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Question Answered: 

Sounds like you may have a defective lock cylinder. There may be a PATS module or anti theft device on your vehicle and you may end up with programing issues when changing the cylinder. You may also want to contact a General Motors dealership. Your vehicle may still be under warranty or there may have been recalls on this particular problem. Good luck


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I have over 25 years of professional experience and I would highly discourage you to do it.. Can you, yes.. should you, No. Here is the reason.. These transmissions are very complex, unlike the C-4's C-6's , turbo 350's and 400's from years ago.. A lot of electronics and smaller clearances .. I would buy a remanufactured unit, install it and be done with it. Most of these reman uints come with a 100,000 mile warranty or 36 months, whichever comes first.. Jasper Engines and Transmissions is where I would begin. If they build this unit then I would buy from them. They are the nations largest and for a good reason. Best of luck. Chuck


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I have seen so many bizarre things in this industry that I am never surprised at anything anymore. Is this likely from the accident ? NO.. Is it possible ? Yes.... If you press your insurance company they will likely pay for the flywheel and the labor to have it replaced.. Stay on the insurance company and they will usually bend.. Call your adjuster and use these exact words.... "my flywheel is not worn out... it is broken" "It wasn't broken prior to my collision." Best of luck Chuck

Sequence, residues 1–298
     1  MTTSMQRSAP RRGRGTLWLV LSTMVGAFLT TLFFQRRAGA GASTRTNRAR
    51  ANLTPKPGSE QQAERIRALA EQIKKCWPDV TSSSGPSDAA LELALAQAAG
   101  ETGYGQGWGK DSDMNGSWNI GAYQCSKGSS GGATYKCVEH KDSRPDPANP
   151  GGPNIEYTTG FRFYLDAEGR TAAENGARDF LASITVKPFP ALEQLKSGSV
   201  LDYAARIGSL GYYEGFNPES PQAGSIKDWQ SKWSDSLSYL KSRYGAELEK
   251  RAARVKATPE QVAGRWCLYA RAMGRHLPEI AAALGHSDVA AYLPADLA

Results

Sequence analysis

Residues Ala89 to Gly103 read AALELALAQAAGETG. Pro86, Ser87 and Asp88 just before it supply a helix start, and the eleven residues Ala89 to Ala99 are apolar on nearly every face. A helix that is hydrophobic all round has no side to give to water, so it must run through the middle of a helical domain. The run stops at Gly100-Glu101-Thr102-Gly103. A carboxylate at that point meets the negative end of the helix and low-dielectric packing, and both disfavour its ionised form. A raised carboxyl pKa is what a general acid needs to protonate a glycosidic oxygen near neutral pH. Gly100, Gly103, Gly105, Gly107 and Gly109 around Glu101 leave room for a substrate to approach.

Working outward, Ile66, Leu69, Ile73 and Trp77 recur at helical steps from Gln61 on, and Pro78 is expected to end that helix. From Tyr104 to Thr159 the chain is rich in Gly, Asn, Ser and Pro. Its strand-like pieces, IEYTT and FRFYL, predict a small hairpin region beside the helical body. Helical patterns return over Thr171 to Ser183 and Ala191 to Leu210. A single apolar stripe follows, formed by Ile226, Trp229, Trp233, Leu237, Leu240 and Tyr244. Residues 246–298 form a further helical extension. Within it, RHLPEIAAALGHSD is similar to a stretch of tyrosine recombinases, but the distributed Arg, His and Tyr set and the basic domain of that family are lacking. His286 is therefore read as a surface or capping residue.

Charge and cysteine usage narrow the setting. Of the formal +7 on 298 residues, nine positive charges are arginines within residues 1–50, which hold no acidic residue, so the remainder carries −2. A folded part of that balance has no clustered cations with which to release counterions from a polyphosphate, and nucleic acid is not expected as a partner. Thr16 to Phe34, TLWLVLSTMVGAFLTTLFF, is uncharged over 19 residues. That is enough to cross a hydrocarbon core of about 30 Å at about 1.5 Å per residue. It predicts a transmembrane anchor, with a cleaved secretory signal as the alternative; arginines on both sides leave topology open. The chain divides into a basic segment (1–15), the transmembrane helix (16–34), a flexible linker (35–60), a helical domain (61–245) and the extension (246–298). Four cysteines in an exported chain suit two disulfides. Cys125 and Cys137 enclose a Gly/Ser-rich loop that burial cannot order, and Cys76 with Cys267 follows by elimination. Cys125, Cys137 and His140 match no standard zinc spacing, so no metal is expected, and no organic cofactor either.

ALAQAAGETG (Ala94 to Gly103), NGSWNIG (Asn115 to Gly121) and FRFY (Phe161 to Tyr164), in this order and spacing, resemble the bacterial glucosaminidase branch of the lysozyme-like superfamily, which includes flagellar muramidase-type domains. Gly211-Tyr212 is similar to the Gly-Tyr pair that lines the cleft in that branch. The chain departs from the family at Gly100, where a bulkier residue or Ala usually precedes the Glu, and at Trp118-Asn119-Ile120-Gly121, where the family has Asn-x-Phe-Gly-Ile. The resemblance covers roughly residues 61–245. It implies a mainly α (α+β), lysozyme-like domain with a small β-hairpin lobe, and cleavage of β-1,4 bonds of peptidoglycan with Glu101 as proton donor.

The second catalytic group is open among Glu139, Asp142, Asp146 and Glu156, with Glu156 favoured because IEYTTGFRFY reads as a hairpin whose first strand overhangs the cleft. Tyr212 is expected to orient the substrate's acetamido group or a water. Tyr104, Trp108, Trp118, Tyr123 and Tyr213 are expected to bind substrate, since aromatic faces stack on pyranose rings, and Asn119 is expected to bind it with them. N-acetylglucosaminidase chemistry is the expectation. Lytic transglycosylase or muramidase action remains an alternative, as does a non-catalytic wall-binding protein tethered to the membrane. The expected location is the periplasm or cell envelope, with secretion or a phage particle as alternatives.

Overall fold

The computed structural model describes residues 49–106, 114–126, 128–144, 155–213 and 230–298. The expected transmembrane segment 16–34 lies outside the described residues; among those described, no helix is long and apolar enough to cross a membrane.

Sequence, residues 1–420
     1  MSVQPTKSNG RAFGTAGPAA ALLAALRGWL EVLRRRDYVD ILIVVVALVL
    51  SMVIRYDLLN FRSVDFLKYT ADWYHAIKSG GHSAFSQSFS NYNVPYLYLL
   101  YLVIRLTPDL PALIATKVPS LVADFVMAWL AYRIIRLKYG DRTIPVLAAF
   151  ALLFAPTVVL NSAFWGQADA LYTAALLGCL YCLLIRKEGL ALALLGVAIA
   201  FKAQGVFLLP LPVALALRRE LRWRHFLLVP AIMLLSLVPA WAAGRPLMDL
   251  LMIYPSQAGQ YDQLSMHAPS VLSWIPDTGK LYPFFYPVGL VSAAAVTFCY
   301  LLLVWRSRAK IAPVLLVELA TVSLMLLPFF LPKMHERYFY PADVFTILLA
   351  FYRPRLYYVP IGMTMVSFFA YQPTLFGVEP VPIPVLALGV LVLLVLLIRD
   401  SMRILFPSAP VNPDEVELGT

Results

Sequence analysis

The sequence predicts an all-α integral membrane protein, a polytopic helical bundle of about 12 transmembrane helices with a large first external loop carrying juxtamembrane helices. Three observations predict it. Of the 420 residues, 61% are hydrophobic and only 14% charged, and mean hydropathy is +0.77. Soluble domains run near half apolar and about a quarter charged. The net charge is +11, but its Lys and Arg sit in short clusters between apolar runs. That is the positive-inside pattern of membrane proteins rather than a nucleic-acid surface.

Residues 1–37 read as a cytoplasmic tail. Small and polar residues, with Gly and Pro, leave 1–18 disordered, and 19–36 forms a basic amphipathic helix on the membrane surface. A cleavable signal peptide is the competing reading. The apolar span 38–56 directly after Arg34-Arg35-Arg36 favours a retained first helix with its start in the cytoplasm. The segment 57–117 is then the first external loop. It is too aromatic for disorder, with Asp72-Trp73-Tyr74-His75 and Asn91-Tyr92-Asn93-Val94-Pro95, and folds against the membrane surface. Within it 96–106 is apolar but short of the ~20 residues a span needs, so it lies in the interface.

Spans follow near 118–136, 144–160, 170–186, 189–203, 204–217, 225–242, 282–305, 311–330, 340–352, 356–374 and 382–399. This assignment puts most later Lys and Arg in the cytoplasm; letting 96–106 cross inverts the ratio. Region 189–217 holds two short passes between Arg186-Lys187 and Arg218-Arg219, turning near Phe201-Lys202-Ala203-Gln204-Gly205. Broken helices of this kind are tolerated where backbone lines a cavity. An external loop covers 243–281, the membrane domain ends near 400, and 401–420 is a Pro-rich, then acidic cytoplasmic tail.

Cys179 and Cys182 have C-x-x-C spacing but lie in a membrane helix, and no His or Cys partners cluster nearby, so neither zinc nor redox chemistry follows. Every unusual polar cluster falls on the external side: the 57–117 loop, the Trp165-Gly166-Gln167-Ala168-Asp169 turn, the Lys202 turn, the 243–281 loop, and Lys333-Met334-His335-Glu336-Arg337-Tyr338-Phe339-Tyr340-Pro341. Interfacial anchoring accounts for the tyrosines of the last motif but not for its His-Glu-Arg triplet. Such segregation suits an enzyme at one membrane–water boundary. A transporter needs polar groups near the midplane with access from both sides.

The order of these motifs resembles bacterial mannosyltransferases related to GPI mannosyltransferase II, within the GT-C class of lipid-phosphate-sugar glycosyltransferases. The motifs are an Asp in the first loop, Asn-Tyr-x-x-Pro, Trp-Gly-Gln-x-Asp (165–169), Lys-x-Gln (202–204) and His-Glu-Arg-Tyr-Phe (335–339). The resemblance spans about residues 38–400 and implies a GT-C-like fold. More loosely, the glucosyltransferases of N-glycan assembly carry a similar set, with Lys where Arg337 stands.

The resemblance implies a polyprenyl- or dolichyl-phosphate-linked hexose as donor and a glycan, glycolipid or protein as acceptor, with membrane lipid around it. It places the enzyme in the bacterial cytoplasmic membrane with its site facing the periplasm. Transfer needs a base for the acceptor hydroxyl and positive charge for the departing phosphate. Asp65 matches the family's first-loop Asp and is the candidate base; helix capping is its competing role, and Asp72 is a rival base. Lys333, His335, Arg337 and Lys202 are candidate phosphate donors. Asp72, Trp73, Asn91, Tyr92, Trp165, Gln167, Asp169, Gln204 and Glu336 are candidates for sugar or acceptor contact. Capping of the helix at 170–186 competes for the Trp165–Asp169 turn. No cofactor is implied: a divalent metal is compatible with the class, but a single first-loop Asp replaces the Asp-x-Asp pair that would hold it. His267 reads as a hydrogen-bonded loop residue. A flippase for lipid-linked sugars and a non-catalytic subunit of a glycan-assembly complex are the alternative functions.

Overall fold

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There is a rubber grommet that may have fallen out of the brake pedal.. The brake light switch has a plunger that hits the grommet. If that grommet is gone then there will be nothing to depress the plunger on the switch which will make the lights stay on. Get a flashlight and look up your brake pedal and find the switch.. it should have at least 2 wires going to it. It will have a plunger on it and that plunger will rest against a grommet when the brake pedal is not depressed.. Make sure that grommet is still in place. It is a simple part to install and they car very inexpensive.. It will have to be purchased from the dealership. They usually are not available aftermarket.. Good luck Chuck


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Call your local Jeep dealership and give the service department your VIN.. they will advise you.


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Could be a headlight switch, hazard switch or a ground problem. Not sure what circuit your tail lights are on but you will need a wiring schematic to trace down the power and ground circuits to determine if it is a component or a wiring problem.. Best of luck, these things can become a nightmare.. Chuck